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Test and Tag Services Whangarei: What is a PAT Tester Device

test and tag

Keeping your workplace safe is not as easy as 1,2,3.

Electrical experts are required to ensure our work environments remain safe and compliant.

You need a competent individual with the proper industry knowledge and training to do all the safety and inspection tests. This is also in line with regulations:  AS/NZS 3760 In-service safety inspection and testing of electrical equipment

What is a Test and Tag?

Test and Tag, is a safety procedure conducted to ensure safety prior to usage for various electrical appliances.

A full Test & Tag is a routine inspection carried out to prevent electrical accidents from happening in the workplace.

The standard procedure involves two main steps:

What Do They Exactly Look Out For?

This first step is conducted usually by an electrician, with adequate experience in Test & Tag.

Outward signs of damage which goes beyond a scratch on the surface of the item. For example, a cracked surface showing the electrical innards of the unit, leaving it exposed to the elements. Dents are also a red flag.

Another common sign of damage is gnawed or exposed wiring. Sometimes pests such as rodents can chew away on wires leaving it exposed. Imagine, plugging that appliance in and having a current coming in contact and the shock shooting through your body.

If the appliance passed the visual test, the second step commences:

Testing The Appliance’s Circuitry Using A PAT Tester Device.

The preferred device often used in the “Test and Tag” procedure is a handy PAT Tester.

What is a PAT Tester Device?

It is an electrical safety testing device used to test the circuitry of appliances.

PAT stands for “Portable Appliance Testing”. The appliances which need to be tested as part of a Test and Tag by a PAT Tester Device are any appliances that have a cord and plug that connects to an outlet.

This first step is conducted usually by an electrician, with adequate experience in Test & Tag.

Class 1

Appliances that are grounded. These are items such as toasters, kitchen kettles, microwaves, electric heaters, fridges and washing machines.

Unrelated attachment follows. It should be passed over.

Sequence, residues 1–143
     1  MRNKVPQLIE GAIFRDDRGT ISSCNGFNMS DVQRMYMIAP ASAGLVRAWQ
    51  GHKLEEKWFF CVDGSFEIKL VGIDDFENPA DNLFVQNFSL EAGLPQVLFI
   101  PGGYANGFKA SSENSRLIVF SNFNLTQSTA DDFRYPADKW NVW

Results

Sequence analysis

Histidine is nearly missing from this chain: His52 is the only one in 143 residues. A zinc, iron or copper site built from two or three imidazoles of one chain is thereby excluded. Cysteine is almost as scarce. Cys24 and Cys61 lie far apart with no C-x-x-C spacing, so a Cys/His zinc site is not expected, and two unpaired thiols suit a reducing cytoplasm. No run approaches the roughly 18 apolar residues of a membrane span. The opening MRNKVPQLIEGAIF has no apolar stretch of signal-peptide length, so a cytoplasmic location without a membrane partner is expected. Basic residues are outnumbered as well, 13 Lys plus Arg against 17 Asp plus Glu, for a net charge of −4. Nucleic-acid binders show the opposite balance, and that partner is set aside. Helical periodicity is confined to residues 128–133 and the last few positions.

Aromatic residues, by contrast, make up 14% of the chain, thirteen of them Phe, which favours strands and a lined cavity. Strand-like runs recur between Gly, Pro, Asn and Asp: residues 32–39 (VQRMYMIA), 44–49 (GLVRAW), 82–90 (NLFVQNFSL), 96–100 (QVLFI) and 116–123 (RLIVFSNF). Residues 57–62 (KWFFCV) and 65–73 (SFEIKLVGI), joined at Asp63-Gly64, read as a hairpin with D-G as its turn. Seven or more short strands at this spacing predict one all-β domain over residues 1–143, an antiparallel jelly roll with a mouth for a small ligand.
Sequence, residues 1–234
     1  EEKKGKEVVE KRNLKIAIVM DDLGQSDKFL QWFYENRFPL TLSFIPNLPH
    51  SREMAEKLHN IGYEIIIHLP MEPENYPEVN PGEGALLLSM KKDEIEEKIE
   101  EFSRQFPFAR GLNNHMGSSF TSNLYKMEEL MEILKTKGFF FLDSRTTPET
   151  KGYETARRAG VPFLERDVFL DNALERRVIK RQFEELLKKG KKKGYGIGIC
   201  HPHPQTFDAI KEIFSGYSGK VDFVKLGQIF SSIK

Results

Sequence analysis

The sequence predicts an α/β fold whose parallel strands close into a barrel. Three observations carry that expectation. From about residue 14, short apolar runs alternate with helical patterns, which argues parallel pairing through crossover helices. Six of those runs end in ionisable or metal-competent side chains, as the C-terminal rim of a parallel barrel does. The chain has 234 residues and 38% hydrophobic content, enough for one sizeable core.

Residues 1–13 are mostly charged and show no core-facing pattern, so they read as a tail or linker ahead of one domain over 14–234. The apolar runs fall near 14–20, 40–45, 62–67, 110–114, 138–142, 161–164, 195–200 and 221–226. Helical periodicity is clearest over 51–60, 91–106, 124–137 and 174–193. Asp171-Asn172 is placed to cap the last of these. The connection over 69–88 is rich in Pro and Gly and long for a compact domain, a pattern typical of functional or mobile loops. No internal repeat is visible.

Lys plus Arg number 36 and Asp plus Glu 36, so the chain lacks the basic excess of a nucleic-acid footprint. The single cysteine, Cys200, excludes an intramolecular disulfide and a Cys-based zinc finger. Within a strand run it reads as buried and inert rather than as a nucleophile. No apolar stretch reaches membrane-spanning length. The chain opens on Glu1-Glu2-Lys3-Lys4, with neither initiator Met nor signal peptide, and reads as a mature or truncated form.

Class 2

Double-insulated appliances. These units have a plastic casing that serves as a back-up protection. These include hair dryers, electric drill, screens and televisions, computers, and photocopy machines.

The PAT Tester Device, tests the three (3) electrical safety parameters of an appliance, which are referred to as “Earth Continuity, Insulation Resistance and Polarity”.  It may sound like a mouthful of science fiction, but these tests are important and based on a mountain of hard science.

Earth Continuity, Insulation Resistance and Polarity

These safety parameters are tested if it is within the standard allowable levels using the tests as follows:

Earth Continuity Test

This test is done only on Class 1 appliances during a PAT Test. Its goal is to determine whether the connection between the ground wire and metal casings have the least resistance. Why? So the excess current will flow through the ground from the metal casings without causing a shock.

The maximum allowable resistance is at 0.1 ohms, values less than the prescribed value guarantees that the appliance is safe. However, it is noteworthy to try multiple tests and get its average to have the optimum value of resistance, usually three (3) to five (5) times.

If an appliance fails this test, the appliance is considered unsafe regardless of the outcome of the other test outcomes.

Insulation Resistance

This test is done on Class 1 and 2 appliances during a PAT Test. The aim of this test is to ensure that there are sufficient insulation between the live and neutral wires and the touchable parts of the appliances.

The minimum resistance value between the two must be at 1 mega ohms and 2 mega ohms for Class 1 and 2 respectively.

Polarity Test

This test is applicable to all appliances. Its goal is to determine whether the existing circuit is not affected by other external factors or faulty wiring connections. The test determines whether all the wirings are connected properly. If fluctuations on current are detected, then the appliance has either faulty wiring or incorrect wiring connections or both.  

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How a Test & Tag Concludes

If the appliance passed the circuitry test, it is tagged using a standard “passed test tag” confirming it is indeed tested. The test tag requires the necessary information as follows:

  1.  Name of Tester
  2.  Test Date
  3.  Next Test Date

An appliance tagged as passed is considered safe to use until the next test date marked on its durable tag.

If an appliance fails a test, it is tagged using a standard “failed test tag”.  The equipment is immediately taken out of circulation, and a tag should be attached warning employees not to use the equipment.

A record of the Test & Tag should also be archived by both tester and employer for future reference.

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